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Reason and Belief
Human beings have all sorts of beliefs. The way in which they arrive at them varies from reasoned argument to blind faith. Some beliefs are based from personal experience, others on education, and others indoctrination. Many beliefs are no doubt innate: we are born with as a result of evolutionary factors. Some beliefs we feel we can justify, others we hold because of gut feelings.
Obviously many of our beliefs are wrong, either because they are incoherent, or because they conflict with other beliefs, or with facts. Two thousand years ago, in Ancient Greece, the first systematic attempt was made to establish some sort of common ground for belief. Some Greek Philosophers sought a means to formalize human reasoning by providing unassailable rules of logical deduction. By adhering to agreed procedures of rational argument, these philosophers hoped to remove the muddle, misunderstandings and disputes that characterize human conflictions. The ultimate goal, to arrive at a set of assumptions, or axioms: self evident truths which all reasonable men and women accept to resolute conflict.
It has been said this goal was never attained ever if it were possible. The modern world is plagued by a greater diversity of beliefs than ever, many of them eccentric or even dangerous, and rational argument is regarded by a majority of people as a pointless sophism (false argument) Only In Mathematics and Science have ideals of Greek philosophers been upheld.
When it comes to addressing the really deep issues of existence, such as the origin and meaning of the universe, the place of human beings in the world and the structure of organization in nature, there is a strong temptation to retreat into unreasoned belief. Even scientist are not immune from this. There has been a long and respectable history of rational analysis. But ask yourself how far can reason take us? Can we rely on science to answer ultimate questions of existence or will we smack dead into a impenetrable mystery at some stage?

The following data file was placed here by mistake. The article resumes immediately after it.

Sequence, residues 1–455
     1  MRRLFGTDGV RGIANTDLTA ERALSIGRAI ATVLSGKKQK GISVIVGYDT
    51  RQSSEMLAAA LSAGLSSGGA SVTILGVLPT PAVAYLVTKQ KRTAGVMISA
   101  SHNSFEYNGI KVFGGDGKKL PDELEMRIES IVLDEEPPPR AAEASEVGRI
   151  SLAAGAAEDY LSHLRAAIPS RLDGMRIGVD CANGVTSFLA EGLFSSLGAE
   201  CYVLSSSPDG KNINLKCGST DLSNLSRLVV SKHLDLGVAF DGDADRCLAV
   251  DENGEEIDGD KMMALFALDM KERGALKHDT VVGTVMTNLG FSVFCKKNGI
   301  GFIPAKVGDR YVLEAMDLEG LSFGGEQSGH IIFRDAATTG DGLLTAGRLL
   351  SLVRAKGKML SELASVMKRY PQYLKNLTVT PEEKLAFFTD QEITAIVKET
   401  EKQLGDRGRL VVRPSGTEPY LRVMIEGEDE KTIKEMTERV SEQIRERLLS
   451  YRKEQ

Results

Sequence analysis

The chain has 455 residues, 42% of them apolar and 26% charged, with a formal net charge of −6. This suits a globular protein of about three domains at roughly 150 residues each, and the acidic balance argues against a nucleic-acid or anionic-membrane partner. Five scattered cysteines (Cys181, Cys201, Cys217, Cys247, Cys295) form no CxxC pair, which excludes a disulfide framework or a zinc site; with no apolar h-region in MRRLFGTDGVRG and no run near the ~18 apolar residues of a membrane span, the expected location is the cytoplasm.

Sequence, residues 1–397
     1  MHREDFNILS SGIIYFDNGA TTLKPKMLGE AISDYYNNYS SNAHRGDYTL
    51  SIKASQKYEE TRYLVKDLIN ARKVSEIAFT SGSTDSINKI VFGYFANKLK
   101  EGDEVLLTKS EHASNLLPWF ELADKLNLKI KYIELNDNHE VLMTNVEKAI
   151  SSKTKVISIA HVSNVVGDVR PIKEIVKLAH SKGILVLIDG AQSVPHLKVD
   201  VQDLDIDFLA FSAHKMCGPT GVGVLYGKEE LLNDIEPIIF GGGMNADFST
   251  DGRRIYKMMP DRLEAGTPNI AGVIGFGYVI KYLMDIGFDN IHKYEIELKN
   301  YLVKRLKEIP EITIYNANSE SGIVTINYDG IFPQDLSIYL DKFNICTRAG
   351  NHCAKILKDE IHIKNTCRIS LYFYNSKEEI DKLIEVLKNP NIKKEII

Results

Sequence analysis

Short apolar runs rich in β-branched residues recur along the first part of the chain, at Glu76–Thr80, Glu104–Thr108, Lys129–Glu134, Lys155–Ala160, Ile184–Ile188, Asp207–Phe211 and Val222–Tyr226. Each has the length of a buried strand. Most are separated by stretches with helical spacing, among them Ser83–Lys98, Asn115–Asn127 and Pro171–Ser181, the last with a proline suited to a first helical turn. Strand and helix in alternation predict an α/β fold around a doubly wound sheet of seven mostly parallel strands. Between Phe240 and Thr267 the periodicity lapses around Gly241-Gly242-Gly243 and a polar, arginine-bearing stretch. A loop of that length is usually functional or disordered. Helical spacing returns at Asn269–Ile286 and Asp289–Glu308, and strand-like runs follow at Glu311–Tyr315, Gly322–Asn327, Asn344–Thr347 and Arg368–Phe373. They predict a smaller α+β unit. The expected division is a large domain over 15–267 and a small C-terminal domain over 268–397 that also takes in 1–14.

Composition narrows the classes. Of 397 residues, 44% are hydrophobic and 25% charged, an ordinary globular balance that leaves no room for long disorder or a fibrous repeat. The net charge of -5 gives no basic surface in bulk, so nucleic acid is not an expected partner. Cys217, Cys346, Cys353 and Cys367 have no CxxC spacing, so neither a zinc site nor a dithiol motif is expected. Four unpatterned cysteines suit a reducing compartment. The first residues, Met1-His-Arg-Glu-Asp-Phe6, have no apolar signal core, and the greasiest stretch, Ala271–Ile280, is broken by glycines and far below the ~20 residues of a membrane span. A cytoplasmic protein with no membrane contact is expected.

Throughout history all cultures have marveled at the beauty of the physical universe. It is the only mathematical culture made to be systematic to the study of nature and the universe, our place within. It can blind us leading us to take for granted that our existence is rational in an ordered cosmos. Among the more ambitious goals of such reflections is the possibility that we might formulate a theory of everything as Stephen Hawkins would put it; [Quote]
If we do discover a complete theory, it should in time be understandable in broad principles by everyone, not just a few scientists. Then we shall all, philosophers, scientist, and just ordinary people, be able to take part in the discussion of why it is that we and the universe exist. If we find the answer to that, it would be the ultimate triumph of human reason – then we would truly know the mind of God.A complete description of the world in terms of closed systems and logical truths. The search for such a theory is indeed and the deduction of pure thought alone without need for observation or experimentation makes it even more abstract.
Science has thrown many physical images for the underlying universe as a manifestation of perfect geometrical forms. I tend to see the universe as a giant living organism, a clockwork mechanism. These images capture my view f reality incomplete on its own without order. My excursion into this deep analysis of reality and reasoned belief and the ultimate basis of living has got me thinking, have you ever thought about?